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How Does Cardiac Resynchronization Therapy Work to Regulate the Heart?

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If you have experienced heart failure or an irregular heart rhythm (also known as arrhythmia), you may be a candidate for cardiac resynchronization therapy (CRT). While it’s a mouthful to say, the procedure works to improve the heart’s function and efficiency. But what exactly is CRT and how can heart patients benefit?

For heart failure patients, cardiac resynchronization therapy is used to improve the heart’s rhythm and the symptoms associated with an irregular heartbeat. The procedure involves implanting a small pacemaker, about the size of a half-dollar, just below the collarbone. Three wires, or leads, connected to the device will monitor the heart rate to detect irregularities and emit tiny pulses of electricity to correct the rhythm. One lead goes to each of your ventricles. The third goes to your right atrium, one of your heart’s upper chambers.

Who is a candidate for CRT?

Cardiac resynchronization therapy is designed for heart failure patients with moderate to severe symptoms whose left and right chambers do not beat in unison. CRT works to improve the heart’s efficiency and increase blood flow. However, CRT is not effective for everyone and is not typically used for patients with mild heart failure symptoms. Causes of a weak heart include:

  • Heart attack
  • Damage to the heart
  • Medications
  • An inherited heart problem from your parents or a heart issue you have had since birth (also known as congenital).

What are the benefits of cardiac resynchronization therapy?

CRT works to help your heart pump more blood to your body. According to the American College of Cardiology, benefits can include:

  • Making your heart more efficient
  • Improving symptoms like shortness of breath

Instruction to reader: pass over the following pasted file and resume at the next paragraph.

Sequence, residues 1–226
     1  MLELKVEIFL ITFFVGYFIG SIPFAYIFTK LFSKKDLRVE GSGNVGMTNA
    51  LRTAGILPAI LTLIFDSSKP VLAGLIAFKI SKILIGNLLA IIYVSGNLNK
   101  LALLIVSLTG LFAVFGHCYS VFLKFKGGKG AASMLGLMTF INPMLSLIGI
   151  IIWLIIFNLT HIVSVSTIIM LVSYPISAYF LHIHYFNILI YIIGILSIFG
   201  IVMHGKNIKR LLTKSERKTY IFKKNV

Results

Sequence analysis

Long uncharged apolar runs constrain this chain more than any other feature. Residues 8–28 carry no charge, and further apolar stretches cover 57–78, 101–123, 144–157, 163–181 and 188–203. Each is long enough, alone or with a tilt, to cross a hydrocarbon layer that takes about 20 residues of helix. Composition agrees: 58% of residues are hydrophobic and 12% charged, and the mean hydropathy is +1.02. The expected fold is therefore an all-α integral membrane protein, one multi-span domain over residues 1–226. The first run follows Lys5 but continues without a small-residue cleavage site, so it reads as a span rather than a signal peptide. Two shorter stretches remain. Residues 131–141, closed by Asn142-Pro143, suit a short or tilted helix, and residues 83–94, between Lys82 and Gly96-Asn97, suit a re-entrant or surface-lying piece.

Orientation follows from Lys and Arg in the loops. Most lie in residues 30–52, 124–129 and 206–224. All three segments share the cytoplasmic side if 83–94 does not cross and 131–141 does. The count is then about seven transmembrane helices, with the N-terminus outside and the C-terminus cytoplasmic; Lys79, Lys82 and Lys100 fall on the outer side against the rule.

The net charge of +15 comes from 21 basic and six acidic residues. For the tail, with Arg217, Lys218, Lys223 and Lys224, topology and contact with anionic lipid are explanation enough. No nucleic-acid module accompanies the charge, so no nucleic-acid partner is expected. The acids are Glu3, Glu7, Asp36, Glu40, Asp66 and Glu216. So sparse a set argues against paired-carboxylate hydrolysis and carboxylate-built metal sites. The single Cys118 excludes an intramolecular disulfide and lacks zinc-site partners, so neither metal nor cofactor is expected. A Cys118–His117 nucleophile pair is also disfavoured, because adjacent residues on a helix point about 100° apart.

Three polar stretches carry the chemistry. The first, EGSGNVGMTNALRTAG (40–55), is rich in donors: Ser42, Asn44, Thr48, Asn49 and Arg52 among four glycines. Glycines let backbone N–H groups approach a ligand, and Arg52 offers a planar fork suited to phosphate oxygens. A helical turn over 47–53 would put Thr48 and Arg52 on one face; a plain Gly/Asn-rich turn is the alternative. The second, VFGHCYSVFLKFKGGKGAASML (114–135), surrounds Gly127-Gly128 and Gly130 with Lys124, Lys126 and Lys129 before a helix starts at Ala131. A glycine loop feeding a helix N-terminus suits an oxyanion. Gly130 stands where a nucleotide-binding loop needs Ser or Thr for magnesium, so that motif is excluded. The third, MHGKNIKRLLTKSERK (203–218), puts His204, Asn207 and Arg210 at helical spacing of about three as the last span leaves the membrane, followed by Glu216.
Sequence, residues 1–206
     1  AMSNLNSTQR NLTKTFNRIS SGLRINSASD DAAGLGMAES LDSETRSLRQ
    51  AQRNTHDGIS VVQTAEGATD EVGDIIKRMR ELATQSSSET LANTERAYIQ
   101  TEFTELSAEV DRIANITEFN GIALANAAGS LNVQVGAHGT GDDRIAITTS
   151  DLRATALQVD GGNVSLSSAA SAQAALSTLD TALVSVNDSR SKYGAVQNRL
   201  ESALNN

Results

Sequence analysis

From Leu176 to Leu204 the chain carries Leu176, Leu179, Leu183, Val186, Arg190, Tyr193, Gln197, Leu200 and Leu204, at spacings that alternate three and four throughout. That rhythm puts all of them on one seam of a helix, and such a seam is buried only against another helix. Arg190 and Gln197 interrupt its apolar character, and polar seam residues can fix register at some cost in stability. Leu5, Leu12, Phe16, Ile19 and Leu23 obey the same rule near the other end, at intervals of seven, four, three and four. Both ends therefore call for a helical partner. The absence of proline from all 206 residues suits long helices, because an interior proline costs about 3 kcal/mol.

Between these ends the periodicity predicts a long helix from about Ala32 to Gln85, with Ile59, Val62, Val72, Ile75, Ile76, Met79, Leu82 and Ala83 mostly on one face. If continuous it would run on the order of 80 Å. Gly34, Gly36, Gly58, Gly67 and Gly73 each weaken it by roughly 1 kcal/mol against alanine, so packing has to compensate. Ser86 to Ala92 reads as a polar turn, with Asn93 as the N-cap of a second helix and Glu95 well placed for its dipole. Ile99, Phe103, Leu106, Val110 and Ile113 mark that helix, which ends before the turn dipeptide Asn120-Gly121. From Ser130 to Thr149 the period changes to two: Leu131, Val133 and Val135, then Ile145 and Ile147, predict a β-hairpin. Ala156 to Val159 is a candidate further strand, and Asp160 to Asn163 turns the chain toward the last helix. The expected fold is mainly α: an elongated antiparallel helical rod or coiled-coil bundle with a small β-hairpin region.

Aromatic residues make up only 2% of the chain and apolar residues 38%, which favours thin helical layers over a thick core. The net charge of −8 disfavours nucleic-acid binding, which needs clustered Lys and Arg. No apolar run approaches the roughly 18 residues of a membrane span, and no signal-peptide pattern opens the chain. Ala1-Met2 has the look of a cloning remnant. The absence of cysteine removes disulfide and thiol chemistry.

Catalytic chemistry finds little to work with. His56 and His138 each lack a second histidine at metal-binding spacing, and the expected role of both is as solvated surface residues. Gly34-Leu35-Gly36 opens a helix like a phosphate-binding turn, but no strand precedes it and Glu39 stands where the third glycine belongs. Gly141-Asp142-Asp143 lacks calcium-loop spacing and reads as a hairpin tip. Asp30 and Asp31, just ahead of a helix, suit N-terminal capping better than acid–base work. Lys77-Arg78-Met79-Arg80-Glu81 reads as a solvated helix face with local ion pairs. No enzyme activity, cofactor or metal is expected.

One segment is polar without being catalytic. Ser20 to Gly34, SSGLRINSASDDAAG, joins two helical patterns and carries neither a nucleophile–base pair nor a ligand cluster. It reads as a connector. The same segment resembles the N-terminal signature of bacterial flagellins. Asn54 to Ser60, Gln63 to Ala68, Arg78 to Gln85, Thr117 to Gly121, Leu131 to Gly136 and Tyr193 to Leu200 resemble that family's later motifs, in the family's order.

• Lowering the risk of abnormal heart rhythms in your ventricles
  • Improve life expectancy
  • Improving the ability to exercise

There are two types of cardiac resynchronization devices. One is called a cardiac resynchronization therapy pacemaker or, biventricular pacemaker. The other is a similar device but also includes a built-in defibrillator. This type is called a cardiac resynchronization therapy defibrillator.

How do cardiac resynchronization devices work?

A cardiac resynchronization therapy defibrillator is a special device for heart failure patients who are also at high risk for sudden cardiac death. While functioning like a normal pacemaker to treat slow heart rhythms, a CRT-D device also delivers small electrical impulses to the left and right ventricles to help them contract at the same time. This specialized device can also treat dangerously fast heart rhythms. If the device senses heartbeats that are too fast, it delivers a shock to the heart. This shock, or defibrillation, stops the abnormal rhythm.

It's important to talk with your doctor to see if cardiac resynchronization therapy is right for you. CRT is often combined with other treatments.

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